Although this level of debt is rather fearsome and represents leverage of 80% of National Grid's market value, I think the regulated and asset-intensive nature of this very large business makes it acceptable, even though I would not normally be keen.
The fact that both National Grid and SSE boast about their capex levels in the highlights at the top of their annual reports suggests that they don't think it will deter investors, either.
A Buffett buy?
National Grid's wide moat, regulated near-monopoly businesses, and strong dividend history made me think about Warren Buffett, who is known for his enthusiasm for stable, conservative businesses that generate a reliable stream of dividends.
Buffett doesn't often invest outside the U.S., but he does already have energy interests. His firm Berkshire Hathaway
(What's more, Buffett has invested more than $1 billion in building a 5% stake in Tesco, showing that he's happy to do business in the U.K. To find out how much Buffett paid for his Tesco shares, read this free report.)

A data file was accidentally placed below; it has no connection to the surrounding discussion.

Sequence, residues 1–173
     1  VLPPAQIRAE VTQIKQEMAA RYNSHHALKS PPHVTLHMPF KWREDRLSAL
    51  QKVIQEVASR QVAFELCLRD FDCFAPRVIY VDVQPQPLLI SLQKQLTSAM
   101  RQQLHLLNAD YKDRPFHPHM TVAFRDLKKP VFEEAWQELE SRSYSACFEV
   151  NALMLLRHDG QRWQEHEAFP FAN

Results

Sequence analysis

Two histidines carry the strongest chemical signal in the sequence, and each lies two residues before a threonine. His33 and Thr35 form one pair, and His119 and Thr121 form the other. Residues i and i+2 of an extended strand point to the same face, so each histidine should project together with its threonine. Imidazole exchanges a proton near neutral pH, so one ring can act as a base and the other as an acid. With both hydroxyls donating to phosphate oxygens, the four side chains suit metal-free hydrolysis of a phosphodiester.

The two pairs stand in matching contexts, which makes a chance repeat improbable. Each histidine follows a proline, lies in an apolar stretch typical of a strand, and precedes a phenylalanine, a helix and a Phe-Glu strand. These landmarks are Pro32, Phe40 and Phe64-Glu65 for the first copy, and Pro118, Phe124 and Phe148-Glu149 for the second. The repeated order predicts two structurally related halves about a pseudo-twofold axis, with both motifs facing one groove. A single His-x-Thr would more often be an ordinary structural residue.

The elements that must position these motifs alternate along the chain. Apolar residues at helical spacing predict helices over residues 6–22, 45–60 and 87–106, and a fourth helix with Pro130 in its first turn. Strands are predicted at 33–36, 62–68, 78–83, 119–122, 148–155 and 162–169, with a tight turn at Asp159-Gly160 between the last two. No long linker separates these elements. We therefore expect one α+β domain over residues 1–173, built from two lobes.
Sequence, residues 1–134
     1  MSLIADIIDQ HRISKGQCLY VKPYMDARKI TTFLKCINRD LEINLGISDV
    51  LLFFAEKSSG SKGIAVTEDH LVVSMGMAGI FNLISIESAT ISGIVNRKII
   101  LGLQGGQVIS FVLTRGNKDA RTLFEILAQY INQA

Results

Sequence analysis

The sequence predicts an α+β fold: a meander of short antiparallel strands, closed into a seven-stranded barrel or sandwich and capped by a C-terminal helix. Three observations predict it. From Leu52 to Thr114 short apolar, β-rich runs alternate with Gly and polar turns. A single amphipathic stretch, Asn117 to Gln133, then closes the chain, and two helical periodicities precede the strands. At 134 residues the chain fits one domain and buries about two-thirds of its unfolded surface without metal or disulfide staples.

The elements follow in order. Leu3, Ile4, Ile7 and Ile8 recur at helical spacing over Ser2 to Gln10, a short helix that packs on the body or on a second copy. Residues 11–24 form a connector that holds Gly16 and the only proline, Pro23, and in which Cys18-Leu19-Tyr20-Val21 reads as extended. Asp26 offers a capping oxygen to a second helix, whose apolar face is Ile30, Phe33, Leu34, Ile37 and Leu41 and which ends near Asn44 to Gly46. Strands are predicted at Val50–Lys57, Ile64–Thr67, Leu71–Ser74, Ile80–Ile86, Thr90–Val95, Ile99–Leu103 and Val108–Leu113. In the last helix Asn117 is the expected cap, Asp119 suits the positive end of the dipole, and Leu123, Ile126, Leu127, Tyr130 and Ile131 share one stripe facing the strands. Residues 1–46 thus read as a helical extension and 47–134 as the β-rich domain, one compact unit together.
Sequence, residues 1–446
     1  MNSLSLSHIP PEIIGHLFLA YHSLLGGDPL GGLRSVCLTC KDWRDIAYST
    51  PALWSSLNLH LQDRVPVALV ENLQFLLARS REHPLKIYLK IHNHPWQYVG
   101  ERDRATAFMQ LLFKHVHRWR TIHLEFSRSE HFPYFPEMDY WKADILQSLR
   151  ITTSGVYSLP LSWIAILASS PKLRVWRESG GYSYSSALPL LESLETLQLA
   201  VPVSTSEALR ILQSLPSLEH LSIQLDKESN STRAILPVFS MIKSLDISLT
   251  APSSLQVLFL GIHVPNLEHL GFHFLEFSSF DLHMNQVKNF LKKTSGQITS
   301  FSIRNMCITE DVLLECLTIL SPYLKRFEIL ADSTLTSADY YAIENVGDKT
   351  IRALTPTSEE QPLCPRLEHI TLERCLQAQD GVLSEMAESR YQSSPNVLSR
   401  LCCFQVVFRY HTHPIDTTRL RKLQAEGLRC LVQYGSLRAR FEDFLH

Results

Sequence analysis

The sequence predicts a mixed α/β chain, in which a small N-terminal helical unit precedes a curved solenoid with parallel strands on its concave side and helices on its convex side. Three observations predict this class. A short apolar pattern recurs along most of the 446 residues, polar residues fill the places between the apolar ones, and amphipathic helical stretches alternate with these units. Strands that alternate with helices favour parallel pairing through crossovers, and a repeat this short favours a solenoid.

One to watch
National Grid is virtually guaranteed to maintain its monopoly position in England and Wales, and its U.S. business provides attractive diversity and exposure to an alternative market. Although its profits are lower in the U.S. than in the U.K., it is closing the gap and expects to make further improvements this year.
I reckon that National Grid could just become a Buffett buy at some point, especially if its share price falls substantially over the next year as the new regulatory pricing regime is confirmed. After all, no one will ever build parallel, competing electricity and gas networks. This means that National Grid should remain a very safe place to put your money.